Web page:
By: Grace Totman
August 31, 2021 — In 1997, President Clinton and Republicans championed a new form of Medicare: managed Medicare offered by private insurance companies, an interesting artifact of how far to the left Democrats have moved on health policy. Now known as Medicare Advantage (MA), the program offers beneficiaries enhanced benefits and a cap on out-of-pocket spending in exchange for potentially more limited access to services. Today, MA is roughly 42% of Medicare and expected to exceed traditional Medicare enrollment by 2030. The issue: is it actually saving any money?
Policymakers have remained three steps behind MA insurers since the program began. Repeated attempts to curb costs have worked short-term, only to be thwarted by regulation-evading strategies. Further, years of refinement have made MA a beloved program for seniors, raising the political risk of touching the program for lawmakers. Historic attempts to curb costs in MA, at first predicted to be catastrophic for insurers, have proven futile. Given the political risks, it seems like any reforms to MA going forward would need to be offset by boosts to the Medicare program such as adding benefits to Medicare or lowering the eligibility age, both of which Capstone has written about extensively.
As a preface, the original intent of the program was to reduce costs in Medicare while driving up the quality of care. The latter is generally accepted: MA plans consistently score higher in quality improvement categories and consumer satisfaction reports. The cost savings, however, are up for debate.
Shortly after the creation of MA, the federal government increased payments to the private insurers, shelling out nearly $44 billion in extra payments to MA plans in just six years, with the goal of having competition drive down costs. The substantial overpayments went largely unaddressed, with Medicare spending 13% more on average on MA enrollees than they would have under traditional Medicare by the end of 2009.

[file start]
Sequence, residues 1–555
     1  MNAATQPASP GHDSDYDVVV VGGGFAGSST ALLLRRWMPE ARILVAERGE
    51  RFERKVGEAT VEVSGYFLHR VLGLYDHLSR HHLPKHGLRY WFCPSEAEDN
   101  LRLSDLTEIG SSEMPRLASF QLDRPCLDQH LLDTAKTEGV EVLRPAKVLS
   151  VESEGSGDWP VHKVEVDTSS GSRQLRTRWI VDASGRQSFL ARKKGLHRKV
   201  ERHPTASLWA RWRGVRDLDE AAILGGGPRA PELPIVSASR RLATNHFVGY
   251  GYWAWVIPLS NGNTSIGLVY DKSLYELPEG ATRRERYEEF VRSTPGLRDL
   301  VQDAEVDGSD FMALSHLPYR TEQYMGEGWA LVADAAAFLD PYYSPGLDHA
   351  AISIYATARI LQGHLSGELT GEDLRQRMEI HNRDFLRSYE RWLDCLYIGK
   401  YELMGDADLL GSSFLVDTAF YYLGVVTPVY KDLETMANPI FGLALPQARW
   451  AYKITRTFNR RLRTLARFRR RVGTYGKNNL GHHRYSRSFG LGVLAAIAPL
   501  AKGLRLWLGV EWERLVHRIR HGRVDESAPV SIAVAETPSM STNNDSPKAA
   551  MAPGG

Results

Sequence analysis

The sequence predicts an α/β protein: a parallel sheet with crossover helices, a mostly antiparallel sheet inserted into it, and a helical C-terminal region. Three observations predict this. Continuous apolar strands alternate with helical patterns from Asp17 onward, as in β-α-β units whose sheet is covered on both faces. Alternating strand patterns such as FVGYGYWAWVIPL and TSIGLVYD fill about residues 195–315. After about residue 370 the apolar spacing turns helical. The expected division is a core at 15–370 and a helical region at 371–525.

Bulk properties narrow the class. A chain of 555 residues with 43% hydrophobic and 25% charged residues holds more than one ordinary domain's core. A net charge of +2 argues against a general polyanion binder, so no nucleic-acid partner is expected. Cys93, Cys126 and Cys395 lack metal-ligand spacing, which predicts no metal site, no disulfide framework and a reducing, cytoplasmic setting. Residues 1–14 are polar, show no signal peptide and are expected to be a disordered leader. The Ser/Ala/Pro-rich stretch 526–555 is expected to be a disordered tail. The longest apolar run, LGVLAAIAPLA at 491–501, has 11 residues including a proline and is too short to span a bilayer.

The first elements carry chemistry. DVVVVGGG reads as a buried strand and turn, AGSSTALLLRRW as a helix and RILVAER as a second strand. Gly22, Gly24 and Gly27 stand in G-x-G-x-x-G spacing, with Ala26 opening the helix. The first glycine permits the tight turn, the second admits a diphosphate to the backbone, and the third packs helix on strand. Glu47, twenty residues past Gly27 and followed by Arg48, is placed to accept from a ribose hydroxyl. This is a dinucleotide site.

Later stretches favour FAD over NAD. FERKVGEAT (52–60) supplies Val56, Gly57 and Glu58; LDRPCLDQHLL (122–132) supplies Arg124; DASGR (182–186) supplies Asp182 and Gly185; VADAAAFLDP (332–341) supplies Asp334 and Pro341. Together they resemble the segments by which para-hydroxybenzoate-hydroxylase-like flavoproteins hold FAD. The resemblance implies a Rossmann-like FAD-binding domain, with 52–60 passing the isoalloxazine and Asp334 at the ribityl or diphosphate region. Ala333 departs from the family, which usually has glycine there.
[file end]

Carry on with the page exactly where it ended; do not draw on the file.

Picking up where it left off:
In an attempt to curb these overpayments, the Affordable Care Act (ACA) overhauled the payment structure for MA. It included a mandate that insurers spend at least 85% of their premium revenue on patient care, known as the medical loss ratio (MLR), capping administrative expenses and profits at just 15% and rebating the excess back to beneficiaries. The MLR transformed the business model of MA insurers, who sought new ways to retain profits. After trimming the obvious low-hanging fruit- advertising expenses and broker commissions- insurers had to get more creative. Increase premiums or cost-sharing and that 15% ceiling gets taller. MA plans have successfully disguised this tactic, with premiums declining every year since 2015. Less obvious cost-sharing measures, such as out-of-pocket limits, or prior authorization, however, have continued to grow.
Beyond behind-the-scenes cost-sharing changes, MA plans have utilized one of the most prevalent healthcare trends to avoid the profit cap; vertical integration. The insurers obscure profits in subsidiary health care facilities, reporting them as costs. M&A in the MA space rises each year; UnitedHealthcare and Humana now account for 45% of total MA enrollment, up from 42% in 2018. UnitedHealthcare is now one of the top employers of providers in the US and Humana-Kindred type acquisitions are on the rise.
One clarification: MA costs have come down. Medicare now spends approximately the same amount on MA beneficiaries as it does on traditional Medicare enrollees, however the addition of quality bonus payments make true reimbursement slightly higher. At the same time, MA plans are spending 20-40% less on actual patient care than traditional Medicare. This is the real concern for policymakers, who don’t want to see taxpayer dollars going straight into the pockets of private insurers.
The obvious solution: increase regulation. Democrats are eyeing MA reform as a potential payfor in the forthcoming reconciliation bill. The issue: policies proposed to fix MA overpayment back in 2009 remain on the table today and the political risk of harming MA is only increasing as more beneficiaries opt for MA. Even in the case of successful reform, the federal government will still remain two steps behind. Perhaps the solution, or at least the eventual outcome, is to accept that maybe a program that has figured out how to maximize profits while keeping beneficiaries healthy is the best-case scenario, even if those profits are coming largely from the federal government (taxpayers).
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